Former O's announcer Levine misses spark, but not static

April 05, 1993|By Tim Warren | Tim Warren,Book Editor

Ken Levine's life is in order these days. He's announcing games for the Seattle Mariners. He has a new book out detailing his 1991 season as a radio broadcaster for the Baltimore Orioles. He's watching the world celebrate the final days of "Cheers," whose success he has had a major part in as a writer.

And, yes, he doesn't have to do any more "Orioles Talk" segments for WBAL radio.

No more listening to callers complaining about this player and that managerial move with the Orioles, or that Mr. Levine doesn't read the lineup slowly enough. Or that he doesn't pronounce the word "error" correctly.

"Oh, I just hated that show," says Mr. Levine with a laugh over the phone from Los Angeles. "I told the people at WBAL at first, 'Oh, it will be fun.' But I found out soon enough. I called Joe Angel when he took over for me, and the first thing that both of us talked about was 'Orioles Talk.' "

"Orioles Talk" aside, Mr. Levine says he has a lot of fond memories of his year as an Orioles announcer. Many of them are chronicled in "It's Gone! . . . No, Wait a Minute . . .: Talking My Way Into the Big Leagues at 40" (Villard Books), a breezy, irreverent diary of his rookie year as a big-league announcer.

He was following, he acknowledges in the book, an unlikely scenario: "A writer approaching middle age decides to follow a lifelong dream and in only five years becomes a major-league baseball announcer."

A screenwriter in Los Angeles for 18 years, Mr. Levine had written for such plum TV shows as "M*A*S*H" and "Cheers." Yet he wanted to be a big-league announcer, and prepped for his stint with the Orioles for three years in the minor leagues. Then, in December 1990, he got his chance: WBAL wanted to team him with Jon Miller.

What happened, Mr. Levine says now, "was that it really was a dream come true. I like to make the analogy: What kind of life would it be if the only responsibility you have for the day is to have to announce a major-league baseball game? A pretty nice one, obviously."

A pretty nice one, yes, but short-lived. Mr. Levine, 43, says he decided to return to California after one season because "Baltimore was 3,000 miles away from my home and my career in Hollywood. I would have had to move to Baltimore, and the disruption for my career and family didn't seem worth it.

"Sure, I have a number of regrets not coming back to the Orioles. They're a great organization, the radio station could not have been more supportive, and you could just sense that this team was on the verge of something great."

If it was a dream come true for Mr. Levine, it came after some rocky moments. From the beginning, his irreverence and fondness for doing humorous bits during broadcasts annoyed some listeners in Baltimore, which he found far more conservative and provincial than those in his native Southern California. One letter-writer complained to The Sun in midseason '91: "In addition to Levine's annoying monotone, he is so busy quoting statistics out of a book, telling inane stories about his personal life and laughing at his own sarcastic jokes that he has no time to describe where the ball is hit. . . ."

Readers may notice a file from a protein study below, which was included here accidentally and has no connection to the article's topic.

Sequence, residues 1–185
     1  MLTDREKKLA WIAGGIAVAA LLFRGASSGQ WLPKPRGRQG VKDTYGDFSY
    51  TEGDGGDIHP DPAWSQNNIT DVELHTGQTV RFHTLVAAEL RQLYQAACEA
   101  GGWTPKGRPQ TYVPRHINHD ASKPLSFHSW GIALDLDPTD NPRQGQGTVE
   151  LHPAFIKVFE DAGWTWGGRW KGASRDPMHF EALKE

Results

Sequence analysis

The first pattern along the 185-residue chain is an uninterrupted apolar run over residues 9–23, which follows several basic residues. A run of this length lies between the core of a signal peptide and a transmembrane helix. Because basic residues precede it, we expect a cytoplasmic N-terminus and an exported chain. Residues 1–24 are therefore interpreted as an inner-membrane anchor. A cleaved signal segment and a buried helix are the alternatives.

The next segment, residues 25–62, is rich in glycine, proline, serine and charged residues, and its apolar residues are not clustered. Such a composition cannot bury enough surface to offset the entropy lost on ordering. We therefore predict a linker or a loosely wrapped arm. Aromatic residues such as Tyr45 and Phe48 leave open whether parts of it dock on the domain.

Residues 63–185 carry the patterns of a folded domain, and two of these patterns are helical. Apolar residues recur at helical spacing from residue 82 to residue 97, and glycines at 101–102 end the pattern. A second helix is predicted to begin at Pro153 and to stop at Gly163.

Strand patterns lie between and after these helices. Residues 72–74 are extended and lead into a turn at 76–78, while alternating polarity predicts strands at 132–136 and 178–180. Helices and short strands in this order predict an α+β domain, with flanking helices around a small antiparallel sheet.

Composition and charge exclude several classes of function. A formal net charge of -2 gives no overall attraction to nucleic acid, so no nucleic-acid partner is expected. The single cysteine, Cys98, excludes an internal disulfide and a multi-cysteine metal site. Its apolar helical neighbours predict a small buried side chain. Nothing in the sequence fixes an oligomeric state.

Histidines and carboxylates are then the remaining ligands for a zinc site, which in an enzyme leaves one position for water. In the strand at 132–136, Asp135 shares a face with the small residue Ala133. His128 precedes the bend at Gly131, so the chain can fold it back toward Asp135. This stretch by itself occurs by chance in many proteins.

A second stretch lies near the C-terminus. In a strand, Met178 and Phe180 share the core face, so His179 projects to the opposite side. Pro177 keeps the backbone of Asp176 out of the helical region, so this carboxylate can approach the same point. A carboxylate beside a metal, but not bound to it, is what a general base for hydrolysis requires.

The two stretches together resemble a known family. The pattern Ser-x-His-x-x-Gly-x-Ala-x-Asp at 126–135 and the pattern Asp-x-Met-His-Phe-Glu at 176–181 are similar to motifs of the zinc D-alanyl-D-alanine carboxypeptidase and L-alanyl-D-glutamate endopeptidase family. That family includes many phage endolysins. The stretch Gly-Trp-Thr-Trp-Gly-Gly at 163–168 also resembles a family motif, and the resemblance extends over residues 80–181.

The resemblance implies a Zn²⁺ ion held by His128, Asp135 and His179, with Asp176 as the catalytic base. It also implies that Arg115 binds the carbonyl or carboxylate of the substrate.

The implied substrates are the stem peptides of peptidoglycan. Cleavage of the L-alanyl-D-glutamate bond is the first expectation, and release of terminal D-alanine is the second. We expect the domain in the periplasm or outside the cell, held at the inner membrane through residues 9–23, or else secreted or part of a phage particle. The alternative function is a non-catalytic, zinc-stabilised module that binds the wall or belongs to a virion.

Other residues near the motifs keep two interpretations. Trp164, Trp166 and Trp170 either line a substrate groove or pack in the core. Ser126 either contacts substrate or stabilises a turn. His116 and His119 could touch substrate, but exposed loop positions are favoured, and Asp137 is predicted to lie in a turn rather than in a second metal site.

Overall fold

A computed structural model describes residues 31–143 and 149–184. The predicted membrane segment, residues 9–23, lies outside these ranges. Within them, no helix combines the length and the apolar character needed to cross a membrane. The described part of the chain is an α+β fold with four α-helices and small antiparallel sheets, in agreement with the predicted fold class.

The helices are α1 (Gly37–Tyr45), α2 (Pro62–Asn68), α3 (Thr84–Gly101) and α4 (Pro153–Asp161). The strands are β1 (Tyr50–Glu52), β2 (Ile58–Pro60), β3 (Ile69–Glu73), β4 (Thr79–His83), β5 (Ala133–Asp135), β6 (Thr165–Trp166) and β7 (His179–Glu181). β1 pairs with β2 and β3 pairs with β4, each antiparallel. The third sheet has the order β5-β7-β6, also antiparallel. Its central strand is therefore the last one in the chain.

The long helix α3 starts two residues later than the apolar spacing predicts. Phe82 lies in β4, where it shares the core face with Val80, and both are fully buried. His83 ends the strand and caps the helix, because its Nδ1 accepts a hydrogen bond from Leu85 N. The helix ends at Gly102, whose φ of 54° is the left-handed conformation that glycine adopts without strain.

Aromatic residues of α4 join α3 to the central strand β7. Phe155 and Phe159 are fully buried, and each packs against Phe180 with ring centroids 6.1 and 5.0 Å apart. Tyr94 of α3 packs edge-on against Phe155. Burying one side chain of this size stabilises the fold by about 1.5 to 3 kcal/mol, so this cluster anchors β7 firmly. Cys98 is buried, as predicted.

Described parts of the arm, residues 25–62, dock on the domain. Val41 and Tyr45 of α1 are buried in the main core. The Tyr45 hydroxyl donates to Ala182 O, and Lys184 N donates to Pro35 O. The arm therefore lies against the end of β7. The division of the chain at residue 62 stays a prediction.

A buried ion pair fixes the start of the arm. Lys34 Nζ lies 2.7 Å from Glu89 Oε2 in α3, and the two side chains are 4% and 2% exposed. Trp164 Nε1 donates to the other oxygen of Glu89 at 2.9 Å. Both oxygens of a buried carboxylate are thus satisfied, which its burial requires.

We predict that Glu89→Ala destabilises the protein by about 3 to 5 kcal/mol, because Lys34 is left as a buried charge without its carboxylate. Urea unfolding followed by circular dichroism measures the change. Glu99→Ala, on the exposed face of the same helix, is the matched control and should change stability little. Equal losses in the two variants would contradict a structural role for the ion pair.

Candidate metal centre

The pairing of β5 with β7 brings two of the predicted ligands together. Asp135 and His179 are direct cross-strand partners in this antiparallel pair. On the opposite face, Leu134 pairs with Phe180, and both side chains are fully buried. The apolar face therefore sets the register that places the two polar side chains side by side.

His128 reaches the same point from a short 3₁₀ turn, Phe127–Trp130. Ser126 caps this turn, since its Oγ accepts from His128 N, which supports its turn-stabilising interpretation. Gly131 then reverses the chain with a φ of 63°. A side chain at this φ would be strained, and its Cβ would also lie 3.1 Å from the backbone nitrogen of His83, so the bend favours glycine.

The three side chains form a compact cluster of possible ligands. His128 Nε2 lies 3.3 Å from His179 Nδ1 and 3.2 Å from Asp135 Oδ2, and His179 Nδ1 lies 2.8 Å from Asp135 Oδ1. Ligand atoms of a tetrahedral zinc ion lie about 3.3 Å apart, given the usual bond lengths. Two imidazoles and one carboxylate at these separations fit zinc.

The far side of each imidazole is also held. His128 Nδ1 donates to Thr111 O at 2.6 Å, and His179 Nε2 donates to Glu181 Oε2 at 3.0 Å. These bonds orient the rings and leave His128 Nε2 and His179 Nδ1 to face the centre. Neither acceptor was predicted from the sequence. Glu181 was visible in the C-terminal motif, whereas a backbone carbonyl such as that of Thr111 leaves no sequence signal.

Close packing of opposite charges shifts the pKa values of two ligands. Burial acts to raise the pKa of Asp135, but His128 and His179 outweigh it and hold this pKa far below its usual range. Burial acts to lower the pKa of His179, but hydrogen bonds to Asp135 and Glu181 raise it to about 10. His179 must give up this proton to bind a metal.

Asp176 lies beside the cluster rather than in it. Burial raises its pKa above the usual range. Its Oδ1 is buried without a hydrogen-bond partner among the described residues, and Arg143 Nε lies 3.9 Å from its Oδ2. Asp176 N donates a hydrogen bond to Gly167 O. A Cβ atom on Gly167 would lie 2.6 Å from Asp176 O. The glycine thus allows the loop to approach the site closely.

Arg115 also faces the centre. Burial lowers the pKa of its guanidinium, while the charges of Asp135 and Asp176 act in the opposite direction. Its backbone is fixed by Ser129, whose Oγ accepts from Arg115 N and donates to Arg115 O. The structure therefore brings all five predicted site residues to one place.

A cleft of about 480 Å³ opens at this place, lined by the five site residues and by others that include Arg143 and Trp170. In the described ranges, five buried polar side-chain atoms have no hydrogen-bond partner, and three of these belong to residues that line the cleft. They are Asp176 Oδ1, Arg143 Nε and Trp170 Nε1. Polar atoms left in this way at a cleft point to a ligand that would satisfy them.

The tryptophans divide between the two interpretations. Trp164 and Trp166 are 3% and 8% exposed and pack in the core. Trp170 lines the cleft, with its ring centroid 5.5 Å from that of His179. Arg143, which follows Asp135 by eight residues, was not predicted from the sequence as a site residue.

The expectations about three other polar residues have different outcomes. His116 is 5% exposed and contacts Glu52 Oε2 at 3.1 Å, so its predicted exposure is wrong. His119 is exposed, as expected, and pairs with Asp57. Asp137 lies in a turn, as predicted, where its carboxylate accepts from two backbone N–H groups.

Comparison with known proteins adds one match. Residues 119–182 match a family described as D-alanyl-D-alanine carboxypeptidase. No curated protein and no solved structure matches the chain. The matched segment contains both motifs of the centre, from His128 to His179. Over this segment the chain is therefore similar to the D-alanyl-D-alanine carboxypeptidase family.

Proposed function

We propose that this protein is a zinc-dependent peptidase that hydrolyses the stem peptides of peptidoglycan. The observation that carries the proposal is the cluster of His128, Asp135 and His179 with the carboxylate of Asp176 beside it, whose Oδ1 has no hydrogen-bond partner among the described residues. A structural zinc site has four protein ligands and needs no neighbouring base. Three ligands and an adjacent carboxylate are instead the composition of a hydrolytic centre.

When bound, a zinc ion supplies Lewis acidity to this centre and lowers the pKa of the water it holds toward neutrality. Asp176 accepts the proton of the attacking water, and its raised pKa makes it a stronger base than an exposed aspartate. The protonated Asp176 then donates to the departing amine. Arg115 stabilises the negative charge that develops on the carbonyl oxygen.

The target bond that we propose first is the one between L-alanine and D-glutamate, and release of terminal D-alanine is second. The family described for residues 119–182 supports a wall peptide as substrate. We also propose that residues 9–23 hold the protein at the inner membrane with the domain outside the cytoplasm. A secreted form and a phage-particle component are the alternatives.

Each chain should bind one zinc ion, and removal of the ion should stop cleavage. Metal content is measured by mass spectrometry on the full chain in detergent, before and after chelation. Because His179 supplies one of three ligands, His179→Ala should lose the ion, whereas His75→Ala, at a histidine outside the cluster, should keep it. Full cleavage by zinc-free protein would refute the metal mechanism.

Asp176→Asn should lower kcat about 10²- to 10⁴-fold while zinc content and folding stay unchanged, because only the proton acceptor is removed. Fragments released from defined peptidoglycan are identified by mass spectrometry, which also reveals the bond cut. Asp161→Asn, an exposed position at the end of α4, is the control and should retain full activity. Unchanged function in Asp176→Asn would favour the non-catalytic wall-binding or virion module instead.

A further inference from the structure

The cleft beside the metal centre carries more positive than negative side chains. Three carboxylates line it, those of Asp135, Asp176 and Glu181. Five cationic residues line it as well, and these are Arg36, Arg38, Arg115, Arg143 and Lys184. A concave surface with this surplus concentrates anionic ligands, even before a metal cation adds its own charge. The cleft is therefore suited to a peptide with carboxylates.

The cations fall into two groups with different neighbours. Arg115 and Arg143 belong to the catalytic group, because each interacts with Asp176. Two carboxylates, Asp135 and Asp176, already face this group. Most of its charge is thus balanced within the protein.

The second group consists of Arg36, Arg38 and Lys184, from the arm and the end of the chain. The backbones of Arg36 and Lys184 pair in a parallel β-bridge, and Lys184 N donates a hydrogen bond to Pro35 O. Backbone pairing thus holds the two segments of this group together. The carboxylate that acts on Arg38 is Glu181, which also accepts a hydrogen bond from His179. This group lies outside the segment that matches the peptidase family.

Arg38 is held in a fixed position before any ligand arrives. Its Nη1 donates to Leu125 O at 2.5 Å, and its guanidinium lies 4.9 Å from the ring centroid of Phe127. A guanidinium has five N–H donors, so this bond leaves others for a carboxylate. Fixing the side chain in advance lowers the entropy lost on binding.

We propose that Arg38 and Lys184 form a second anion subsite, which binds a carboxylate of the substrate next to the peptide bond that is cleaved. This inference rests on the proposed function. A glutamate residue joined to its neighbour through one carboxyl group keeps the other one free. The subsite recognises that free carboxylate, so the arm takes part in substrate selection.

For his part, Mr. Levine says, "I was very aware of calling the basics well. And if you give people that, and more in addition to it -- not at the expense of it -- you would think that people would be pleased. I found that the people who responded to the bits loved it -- it was different, it was special.

"Remember, the team lost 95 games. I tried to give listeners some entertainment as well. . . .

"But there was a group who didn't like my shtick, didn't like my presentation, and they just didn't dig it."

He's found a more receptive audience in Seattle, where he will do 35 Mariners games this season. (After a full season in 1992, he chose a reduced schedule to allow more time for his family and writing career.)

"In Baltimore, there was a little bit of self-censoring. I'm a little more freewheeling now," Mr. Levine says. "I still never want to do it at the expense of the game, but I leave myself open to the possibilities of something jumping out and running with me."

Such as?

"In my second game of the year, I come on the air in the sixth inning and we're down by nine runs. I decide to discuss the stupidest 'Rocky' movie, which had to be the one where Burgess Meredith died -- and we find out he was Jewish. That made the [Seattle] papers the next day.

"Another time, I had a bet with [outfielder] Ken Griffey Jr. that I would shave my head if they scored eight runs in a particular inning that night. They didn't, but when the first guy doubled, I panicked."

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